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This morning out on the running path several people passed me carrying signs. There was one young couple and one family group with two small kids. Their signs read Stop Trump and Protect Women’s Health and such. They were headed to the MetroLink train station a half mile away, no doubt to take it downtown to a rally. This will be a busy protest season for many people. I may participate in some, but I realize it won’t do anything. If losing the election by 3 million votes can’t convince a man that he has no mandate from the American people, I doubt that marches will. But I understand the urge to do it, and that it will likely intensify as the weather moderates.

I had been thinking about spring. It’s pretty warm out for a January day, and the first sunny day in over a week, so even though we still have a few months of winter left, it felt like spring was in the air. I thought of what my spring activities might be, aside from political protest. For many years, both as a suburban homeowner and as an owner of rural property, spring meant revving things up, getting ready to plant things, plow things, prepare soil and beds, check the lawn equipment, all with a sense of mixed anticipation and dread. Now, I have no lawn at all to worry about and no garden to enjoy.

Last year I put four pots of herbs in the window of my small apartment. I harvested and used those herbs, and plan to do so again this year. But that’s about the extent of my ‘gardening.’ So what do I have to look forward to in spring, that’s different from what I do all the time?

Fishing—I like that. Trout season begins in March. But I can only go fishing so many times. The best streams for trout are far away enough to make it a full day’s endeavor just to fish for several hours. What else do people who don’t care for lawns and gardens and orchards and beehives do when the weather gets nice?

I have thought about kites. I wonder how much this is a reversion to the joys of my youth. I used to love the thrill of feeling something so far above me tug at the string in my hand. I imagine it’s something like the thrill of flying without actually leaving the ground. But today is fairly windless, despite it being otherwise an optimal weather day, so I think the kites will have to wait.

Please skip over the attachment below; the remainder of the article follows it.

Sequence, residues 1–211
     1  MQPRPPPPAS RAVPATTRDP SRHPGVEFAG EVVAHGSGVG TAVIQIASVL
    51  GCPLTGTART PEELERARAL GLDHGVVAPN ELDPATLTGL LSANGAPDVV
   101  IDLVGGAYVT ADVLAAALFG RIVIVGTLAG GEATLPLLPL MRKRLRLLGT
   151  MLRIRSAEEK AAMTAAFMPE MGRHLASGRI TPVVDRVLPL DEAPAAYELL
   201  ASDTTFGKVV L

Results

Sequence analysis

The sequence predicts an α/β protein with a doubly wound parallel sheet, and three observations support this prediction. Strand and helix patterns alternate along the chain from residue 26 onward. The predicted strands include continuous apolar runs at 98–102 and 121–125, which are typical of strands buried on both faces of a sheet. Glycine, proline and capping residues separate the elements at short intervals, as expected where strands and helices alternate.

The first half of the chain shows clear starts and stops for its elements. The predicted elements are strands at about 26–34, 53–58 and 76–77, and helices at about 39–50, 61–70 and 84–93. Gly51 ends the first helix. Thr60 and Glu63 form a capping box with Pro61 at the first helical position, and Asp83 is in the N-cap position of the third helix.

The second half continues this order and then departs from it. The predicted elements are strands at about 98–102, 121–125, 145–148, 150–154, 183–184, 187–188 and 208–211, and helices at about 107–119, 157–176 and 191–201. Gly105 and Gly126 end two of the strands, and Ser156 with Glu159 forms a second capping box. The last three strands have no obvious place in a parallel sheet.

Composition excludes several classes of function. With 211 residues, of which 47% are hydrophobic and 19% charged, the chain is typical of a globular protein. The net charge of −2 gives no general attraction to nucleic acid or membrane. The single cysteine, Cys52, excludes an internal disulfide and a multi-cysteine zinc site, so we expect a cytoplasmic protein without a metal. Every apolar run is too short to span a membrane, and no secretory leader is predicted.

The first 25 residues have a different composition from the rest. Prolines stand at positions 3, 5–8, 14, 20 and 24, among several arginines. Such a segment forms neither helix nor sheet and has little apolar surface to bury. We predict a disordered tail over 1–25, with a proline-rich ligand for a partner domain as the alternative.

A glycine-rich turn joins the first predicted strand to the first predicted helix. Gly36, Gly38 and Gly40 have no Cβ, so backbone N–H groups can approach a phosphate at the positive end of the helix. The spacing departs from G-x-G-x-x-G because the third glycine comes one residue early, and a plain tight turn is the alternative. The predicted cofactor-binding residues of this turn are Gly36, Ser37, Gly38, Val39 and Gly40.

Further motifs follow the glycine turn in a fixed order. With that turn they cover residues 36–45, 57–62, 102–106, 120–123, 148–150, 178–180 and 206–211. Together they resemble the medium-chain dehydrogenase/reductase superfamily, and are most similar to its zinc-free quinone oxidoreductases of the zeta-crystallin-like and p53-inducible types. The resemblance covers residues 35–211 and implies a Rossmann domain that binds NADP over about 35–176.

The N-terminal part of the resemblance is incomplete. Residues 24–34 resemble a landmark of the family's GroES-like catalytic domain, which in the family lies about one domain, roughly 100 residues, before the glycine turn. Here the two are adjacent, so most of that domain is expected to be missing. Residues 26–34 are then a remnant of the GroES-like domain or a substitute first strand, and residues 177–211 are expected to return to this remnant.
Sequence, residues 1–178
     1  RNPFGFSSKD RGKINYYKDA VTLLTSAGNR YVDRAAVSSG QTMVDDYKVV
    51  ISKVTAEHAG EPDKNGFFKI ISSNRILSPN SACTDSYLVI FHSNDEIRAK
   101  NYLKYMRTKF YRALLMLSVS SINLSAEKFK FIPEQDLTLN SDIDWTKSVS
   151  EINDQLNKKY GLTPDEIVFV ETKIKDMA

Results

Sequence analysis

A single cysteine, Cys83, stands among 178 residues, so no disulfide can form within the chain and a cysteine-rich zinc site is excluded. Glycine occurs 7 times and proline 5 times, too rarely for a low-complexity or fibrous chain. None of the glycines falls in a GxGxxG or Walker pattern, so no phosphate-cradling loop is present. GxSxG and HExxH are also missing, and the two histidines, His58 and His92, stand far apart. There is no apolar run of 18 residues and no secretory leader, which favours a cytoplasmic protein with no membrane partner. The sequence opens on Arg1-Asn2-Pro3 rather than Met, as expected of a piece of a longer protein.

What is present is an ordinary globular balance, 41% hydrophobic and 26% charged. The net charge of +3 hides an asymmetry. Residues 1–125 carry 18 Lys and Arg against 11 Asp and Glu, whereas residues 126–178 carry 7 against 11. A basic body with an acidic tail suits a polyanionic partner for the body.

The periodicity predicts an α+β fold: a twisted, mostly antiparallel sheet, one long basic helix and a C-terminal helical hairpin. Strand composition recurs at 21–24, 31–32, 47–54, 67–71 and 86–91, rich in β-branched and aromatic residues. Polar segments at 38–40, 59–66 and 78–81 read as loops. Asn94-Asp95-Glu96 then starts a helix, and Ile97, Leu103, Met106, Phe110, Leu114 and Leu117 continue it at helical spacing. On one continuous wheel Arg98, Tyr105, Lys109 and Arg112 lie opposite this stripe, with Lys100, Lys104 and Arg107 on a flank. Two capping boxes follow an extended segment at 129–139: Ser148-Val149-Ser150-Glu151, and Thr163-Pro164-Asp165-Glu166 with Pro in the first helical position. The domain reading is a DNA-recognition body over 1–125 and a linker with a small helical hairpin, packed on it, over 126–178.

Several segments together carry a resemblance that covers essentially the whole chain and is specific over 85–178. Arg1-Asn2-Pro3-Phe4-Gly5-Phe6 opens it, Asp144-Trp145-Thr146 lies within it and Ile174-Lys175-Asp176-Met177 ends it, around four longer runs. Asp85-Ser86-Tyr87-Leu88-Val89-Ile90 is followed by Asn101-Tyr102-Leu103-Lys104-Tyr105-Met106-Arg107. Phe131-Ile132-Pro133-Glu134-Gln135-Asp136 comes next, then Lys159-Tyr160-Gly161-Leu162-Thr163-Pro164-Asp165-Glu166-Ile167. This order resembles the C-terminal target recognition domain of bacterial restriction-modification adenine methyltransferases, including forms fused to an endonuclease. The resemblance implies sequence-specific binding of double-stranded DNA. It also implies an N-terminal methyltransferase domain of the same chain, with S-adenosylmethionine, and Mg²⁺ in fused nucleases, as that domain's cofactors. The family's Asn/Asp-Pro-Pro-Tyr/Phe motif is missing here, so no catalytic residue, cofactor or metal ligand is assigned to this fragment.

I also wonder how expensive this seemingly simple pastime has become. When I was a kid, we used to walk to a little market down the street from our neighborhood. If you had a quarter, you could buy a paper kite for ten cents and a ball of string for ten cents. If you could get your mother to give you a worn out shirt or an old sheet to tear in strips you made a tail and were ready to take to the skies. For less than 25 cents. I’m guessing I won’t get off so cheaply these days.

But you’ll notice that as I think about what to do with my upcoming warm spring days, I am thinking about leisure activities—fishing, kite flying. In years past everything was about important seasonal tasks that needed doing. Planting the garden, weeding the flower beds, cutting the grass. Somehow I miss those things, even though they are a lot of work. But not enough to want to return to them. In my life I have never been wealthy, never actually been that comfortable: I have made a living, but I have gone from being house poor to being land poor. Never have I had the time or the resources to enjoy myself with any regularity. Now the thought of doing exactly that looms before me, and I approach it with apprehension.

I am leaving the apartment soon to get groceries and do a few other errands. I wonder where they sell kites? I may stop by and see what’s to be had, ask a few questions. It has been over forty years. Nowadays they probably have remote controlled kites. I can imagine the conversation:

‘Do you have kites?’

‘Sure,’ says the guy behind the counter, ‘what kinda phone do you have?’

‘Phone?’

‘Yeah, what kinda phone? So you can download the app.’

Or maybe not. Maybe they’re still made simply, with paper and balsa wood. I doubt it, but there’s always hope.

 

 

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